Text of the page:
Foods That Cause Bloating (And What To Do About It)

Fruits and vegetables contain many gas-causing compounds, but some cause more bloating than others.


Pears cause gas because of their fructose and fiber contents. Sorbitol found in pears can significantly increase bloating as well.

Replace pears with fruits that cause less bloating like blueberries, grapes, and citrus fruits.

Cooked pears are more comfortable to digest, so consider baking or steaming pears before consumption.

Cruciferous Vegetables

Cruciferous vegetables are praised for their health benefits. They’re abundant in vitamins and contain iron, potassium, and other minerals.

Thanks to FOMAPs, some cruciferous vegetables can lead to bloating and abdominal discomfort. Like legumes, cruciferous vegetables contain raffinose, making them difficult to break down.

Cruciferous veggies that cause bloating include:

  • Cauliflower
  • Broccoli
  • Brussels sprouts
  • Cabbage
  • Turnips

Once cooked, these veggies are easier to digest.

Onions and Garlic

Fructans are the main gas-causing culprits when it comes to onions and garlic. An allergy to onions or garlic can increase the likelihood of bloating and other digestive issues.

Onions have a high fructose content as well, making them more likely to cause a bloated stomach.

Substitute onions with leeks, celery, or fennel or try onion-infused oil to add flavor to dishes.

Garlic has a unique flavor that can be difficult to replace. Try experimenting with different herbs and spices to complement a dish rather than replicate the taste of garlic.

Food Intolerance

Food sensitivity and intolerance affects an estimated 20% of the world’s population and seems to be on the rise. Though not life-threatening, food intolerance can affect the quality of life.

Symptoms vary but often include a wide range of digestive problems.

Lactose intolerance is one of the most common food intolerances associated with bloating. Gluten, yeast, and fructose sensitivity can also cause bloating.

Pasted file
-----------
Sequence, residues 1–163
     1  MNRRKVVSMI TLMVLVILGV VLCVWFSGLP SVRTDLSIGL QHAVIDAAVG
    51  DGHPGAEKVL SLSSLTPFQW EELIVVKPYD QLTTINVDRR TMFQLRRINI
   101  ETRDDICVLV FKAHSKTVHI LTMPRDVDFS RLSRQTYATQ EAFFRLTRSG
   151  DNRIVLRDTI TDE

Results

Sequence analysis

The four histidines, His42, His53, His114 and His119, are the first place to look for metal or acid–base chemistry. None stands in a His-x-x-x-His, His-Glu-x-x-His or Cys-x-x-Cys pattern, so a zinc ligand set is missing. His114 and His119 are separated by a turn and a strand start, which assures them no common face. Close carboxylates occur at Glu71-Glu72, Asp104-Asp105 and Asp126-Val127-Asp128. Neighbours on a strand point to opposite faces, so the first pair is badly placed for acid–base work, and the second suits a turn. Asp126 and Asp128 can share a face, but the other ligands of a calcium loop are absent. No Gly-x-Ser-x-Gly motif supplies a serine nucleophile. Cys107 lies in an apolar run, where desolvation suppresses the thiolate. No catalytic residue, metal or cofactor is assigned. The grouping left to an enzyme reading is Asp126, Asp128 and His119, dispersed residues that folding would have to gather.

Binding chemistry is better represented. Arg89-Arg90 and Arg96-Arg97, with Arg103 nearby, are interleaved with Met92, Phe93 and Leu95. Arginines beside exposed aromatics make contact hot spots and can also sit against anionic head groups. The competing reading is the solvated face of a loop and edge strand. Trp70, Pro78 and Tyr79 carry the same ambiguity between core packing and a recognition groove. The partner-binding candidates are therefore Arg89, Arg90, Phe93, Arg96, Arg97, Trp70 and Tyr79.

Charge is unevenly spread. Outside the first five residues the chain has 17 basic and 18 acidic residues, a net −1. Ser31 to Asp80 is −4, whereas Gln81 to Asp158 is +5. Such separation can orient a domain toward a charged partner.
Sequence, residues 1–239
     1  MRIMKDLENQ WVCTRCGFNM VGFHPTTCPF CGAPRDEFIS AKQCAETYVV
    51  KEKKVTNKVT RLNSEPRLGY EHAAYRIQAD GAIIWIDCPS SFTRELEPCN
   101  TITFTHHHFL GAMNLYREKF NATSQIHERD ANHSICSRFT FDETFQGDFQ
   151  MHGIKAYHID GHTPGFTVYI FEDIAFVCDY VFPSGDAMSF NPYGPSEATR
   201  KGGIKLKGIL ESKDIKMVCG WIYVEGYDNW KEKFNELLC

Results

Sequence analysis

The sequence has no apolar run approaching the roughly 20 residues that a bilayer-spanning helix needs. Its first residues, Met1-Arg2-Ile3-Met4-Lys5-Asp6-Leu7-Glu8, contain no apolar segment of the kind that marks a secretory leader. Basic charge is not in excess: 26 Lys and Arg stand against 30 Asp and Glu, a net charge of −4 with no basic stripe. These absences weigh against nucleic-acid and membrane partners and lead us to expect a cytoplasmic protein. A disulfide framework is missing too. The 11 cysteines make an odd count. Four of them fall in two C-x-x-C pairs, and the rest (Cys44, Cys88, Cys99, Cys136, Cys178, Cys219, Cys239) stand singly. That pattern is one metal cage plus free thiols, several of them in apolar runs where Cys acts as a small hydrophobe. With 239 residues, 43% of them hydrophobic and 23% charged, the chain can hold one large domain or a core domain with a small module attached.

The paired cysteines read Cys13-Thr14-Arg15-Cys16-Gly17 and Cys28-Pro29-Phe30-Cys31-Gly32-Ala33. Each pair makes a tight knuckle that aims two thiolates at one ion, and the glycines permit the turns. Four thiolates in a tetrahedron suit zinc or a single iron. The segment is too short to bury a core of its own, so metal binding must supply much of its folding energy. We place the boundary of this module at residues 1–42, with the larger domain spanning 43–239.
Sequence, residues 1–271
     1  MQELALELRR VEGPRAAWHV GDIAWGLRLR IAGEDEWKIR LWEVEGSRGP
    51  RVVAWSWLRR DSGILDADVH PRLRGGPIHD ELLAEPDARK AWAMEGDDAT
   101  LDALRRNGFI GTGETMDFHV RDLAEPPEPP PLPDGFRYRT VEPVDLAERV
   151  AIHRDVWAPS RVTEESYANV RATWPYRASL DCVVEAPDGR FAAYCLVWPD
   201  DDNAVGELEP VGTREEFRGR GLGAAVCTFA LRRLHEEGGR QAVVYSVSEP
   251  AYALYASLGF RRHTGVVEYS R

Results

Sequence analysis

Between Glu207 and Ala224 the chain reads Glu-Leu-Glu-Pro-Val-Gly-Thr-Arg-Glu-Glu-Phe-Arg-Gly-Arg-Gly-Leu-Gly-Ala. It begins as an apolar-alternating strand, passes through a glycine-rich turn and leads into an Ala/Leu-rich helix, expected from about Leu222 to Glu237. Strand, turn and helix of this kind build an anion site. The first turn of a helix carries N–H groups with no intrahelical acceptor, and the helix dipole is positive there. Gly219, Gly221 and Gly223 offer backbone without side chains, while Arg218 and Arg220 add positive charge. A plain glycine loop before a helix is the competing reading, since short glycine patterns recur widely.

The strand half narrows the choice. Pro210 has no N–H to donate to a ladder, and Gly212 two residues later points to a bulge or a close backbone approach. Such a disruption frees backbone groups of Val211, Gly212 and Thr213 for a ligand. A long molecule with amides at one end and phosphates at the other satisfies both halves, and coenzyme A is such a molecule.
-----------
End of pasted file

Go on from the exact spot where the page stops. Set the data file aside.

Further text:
Beverages And Bloating

Foods That Cause Bloating (And What To Do About It)

Some alcoholic beverages, like beer, irritate the gut. The yeast and fermentable carbohydrates in beer contribute to gas and bloating.

It’s best to avoid alcohol, but spirits and wines should cause less bloating.

The gas in carbonated drinks ends up in the digestive tract. Regularly consuming fizzy drinks like soda, results in a bloated stomach.

Fruit juices and teas are better choices when it comes to quenching your thirst.

What To Do About Bloating

Since bloating is usually caused by eating habits, changing your diet may help.

Following a low-FOMAPs diet is one of the options if you are prone to bloating. This and other types of elimination diets can help pinpoint the foods that cause bloating.

Changing the way you eat may help. Eat slower and smaller portions and avoid drinking with straws.

In some cases, digestive enzymes, probiotics, and charcoal may reduce bloating.

Mild activity and sitting or standing in an upright position can also bring some relief.


To summarize, bloating affects many people and can negatively impact daily life. Lifestyle changes can minimize bloating. Cooking or soaking gas-causing foods or trying alternative foods may reduce bloating.

Do you know of more ways to reduce bloating? Tell us in the comments section!

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The post Foods That Cause Bloating (And What To Do About It) appeared first on Liv Health.